retail news in context, analysis with attitude

by Kevin Coupe

Interesting piece in the Washington Post about the unlikely growth of independent bookstores, especially at a time when an iconic chain like Borders is going through a going-out-of-business sale.

According to the story, “The small, independently owned bookstore is staging a modest rebirth in the midst of a bone-killing economy and the exponential growth of online retailers and e-books.

“The American Booksellers Association, the national trade organization for independently owned bookstores, counted a 7 percent growth last year and has gained 100 new members in the past six months. The association now counts 1,830 member stores across the country, up by 400 since 2005, according to Meg Smith, the association’s spokeswoman. The new stores have opened in at least 35 states, from New York to California, an indication that store owners across the nation see an opportunity to find a concrete niche in the e-book world.”

Smith tells the Post that “the growth appears to be due to a number of factors — the demise of large bookstores; a general social identification with locally owned businesses, an offshoot of the ‘go-local’ movement in restaurants and grocery stores; and a number of store owners who have identified a small but viable market in their communities.

“The steady growth is surprising, as the number of independent stores had shrunk by as much as 30 percent in the early part of the decade, hit hard by the growth of big box stores and by online sellers such as Amazon, where the supply was almost limitless. E readers, such as the Kindle and Nook, had further put a dent in brick-and-mortar businesses. Lastly, the recession of the past two years has cast a shadow over the entire retail market.”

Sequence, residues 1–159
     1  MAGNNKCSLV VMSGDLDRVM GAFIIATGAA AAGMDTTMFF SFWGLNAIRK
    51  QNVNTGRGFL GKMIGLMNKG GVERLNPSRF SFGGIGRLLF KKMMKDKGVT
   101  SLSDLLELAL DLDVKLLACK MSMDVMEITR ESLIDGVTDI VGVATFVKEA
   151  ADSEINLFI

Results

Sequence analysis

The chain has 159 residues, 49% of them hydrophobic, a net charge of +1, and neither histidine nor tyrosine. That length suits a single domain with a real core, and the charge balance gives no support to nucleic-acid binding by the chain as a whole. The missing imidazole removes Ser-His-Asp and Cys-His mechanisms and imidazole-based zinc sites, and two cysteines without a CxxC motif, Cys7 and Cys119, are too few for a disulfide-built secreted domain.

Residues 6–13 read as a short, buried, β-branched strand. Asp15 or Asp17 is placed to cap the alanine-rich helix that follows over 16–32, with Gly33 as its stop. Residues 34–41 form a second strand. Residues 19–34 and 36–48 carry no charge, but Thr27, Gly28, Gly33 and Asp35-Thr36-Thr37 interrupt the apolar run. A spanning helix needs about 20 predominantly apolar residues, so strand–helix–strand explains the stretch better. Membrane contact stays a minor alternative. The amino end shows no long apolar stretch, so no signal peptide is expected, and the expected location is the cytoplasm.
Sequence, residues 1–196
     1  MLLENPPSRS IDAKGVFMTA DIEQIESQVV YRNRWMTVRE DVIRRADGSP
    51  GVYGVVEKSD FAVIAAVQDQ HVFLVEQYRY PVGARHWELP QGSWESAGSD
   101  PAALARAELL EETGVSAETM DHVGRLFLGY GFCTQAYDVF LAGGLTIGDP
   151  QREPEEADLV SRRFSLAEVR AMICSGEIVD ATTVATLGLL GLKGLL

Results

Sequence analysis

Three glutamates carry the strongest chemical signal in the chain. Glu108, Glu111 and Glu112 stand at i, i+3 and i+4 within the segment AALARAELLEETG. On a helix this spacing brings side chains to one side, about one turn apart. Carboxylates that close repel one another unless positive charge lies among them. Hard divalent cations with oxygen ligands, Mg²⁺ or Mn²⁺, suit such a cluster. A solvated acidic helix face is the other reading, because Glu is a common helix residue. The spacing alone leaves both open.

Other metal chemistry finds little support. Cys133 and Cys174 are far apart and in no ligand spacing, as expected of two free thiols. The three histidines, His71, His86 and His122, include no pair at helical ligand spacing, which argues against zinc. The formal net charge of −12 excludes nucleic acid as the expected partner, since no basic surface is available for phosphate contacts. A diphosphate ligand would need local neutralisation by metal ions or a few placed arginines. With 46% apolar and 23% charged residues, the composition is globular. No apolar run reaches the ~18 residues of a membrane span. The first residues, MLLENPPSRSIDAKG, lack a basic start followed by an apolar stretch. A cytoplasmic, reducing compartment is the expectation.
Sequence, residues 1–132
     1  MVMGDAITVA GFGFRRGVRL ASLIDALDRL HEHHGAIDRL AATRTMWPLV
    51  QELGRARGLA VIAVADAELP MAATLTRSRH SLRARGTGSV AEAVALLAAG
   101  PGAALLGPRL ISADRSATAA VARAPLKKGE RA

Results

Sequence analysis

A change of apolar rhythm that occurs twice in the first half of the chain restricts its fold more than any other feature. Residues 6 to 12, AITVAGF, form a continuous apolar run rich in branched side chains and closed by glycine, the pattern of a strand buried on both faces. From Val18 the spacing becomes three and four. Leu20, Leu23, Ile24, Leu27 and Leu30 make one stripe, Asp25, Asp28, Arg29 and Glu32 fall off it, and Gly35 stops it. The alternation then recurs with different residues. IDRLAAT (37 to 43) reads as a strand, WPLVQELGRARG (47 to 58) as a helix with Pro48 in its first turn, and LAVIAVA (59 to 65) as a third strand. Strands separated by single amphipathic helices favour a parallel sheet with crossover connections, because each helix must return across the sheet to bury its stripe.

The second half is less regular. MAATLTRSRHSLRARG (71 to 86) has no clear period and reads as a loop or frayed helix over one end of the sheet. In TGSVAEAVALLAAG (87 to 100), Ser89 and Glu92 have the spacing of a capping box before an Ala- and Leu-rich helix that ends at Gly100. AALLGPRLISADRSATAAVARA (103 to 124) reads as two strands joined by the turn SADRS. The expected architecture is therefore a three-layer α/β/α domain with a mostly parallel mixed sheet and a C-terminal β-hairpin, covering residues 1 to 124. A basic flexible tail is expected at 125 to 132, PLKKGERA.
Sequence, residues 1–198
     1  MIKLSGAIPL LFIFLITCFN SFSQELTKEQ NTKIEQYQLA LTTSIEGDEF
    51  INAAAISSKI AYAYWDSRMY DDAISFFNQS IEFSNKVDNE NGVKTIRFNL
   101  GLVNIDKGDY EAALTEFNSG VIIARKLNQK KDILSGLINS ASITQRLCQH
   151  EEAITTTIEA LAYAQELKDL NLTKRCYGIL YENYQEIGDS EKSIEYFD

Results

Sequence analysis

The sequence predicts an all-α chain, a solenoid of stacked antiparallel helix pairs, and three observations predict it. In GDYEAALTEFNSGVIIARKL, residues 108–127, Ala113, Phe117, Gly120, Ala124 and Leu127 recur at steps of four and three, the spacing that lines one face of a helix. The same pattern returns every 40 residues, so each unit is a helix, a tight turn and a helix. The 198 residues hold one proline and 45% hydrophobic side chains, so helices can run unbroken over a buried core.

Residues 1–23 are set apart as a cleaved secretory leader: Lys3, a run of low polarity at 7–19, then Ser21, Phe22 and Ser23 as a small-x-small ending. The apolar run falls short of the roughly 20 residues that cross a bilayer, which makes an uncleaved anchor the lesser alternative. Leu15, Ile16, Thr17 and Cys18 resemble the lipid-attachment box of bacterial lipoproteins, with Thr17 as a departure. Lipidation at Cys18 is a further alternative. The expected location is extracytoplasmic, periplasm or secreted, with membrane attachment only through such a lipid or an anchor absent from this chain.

But, “the lesson in the decline of big stores, these owners say, is not that no one wants to buy books. It’s that the big stores were too big. They had overreached and, in trying to be all things to all readers, had lost a sense of intimacy that books and reading seem to thrive on.”

This is part of an ongoing theme that can be seen in the retail business, one that has been noted again and again on MNB. It is the same story as when we point out that minor league baseball teams are exploiting the differential advantages of their ballparks because they can’t market players who, if they are any good, will be shipped out. It is the same story as when we talk about video stores that are finding new ways to turn their customers into a community, understanding that this is the only way to compete with the likes of Netflix and iTunes. Or the same as when movie theatre chains such as AMC offer better food service and even full-service bars as a way of competing for people’s entertainment dollars.

‘Compete’ is a verb. MNB Rule # 1. if you;re going to compete, you actually have to identify and exploit your differences ... and if you don’t have any, you’d better create some.
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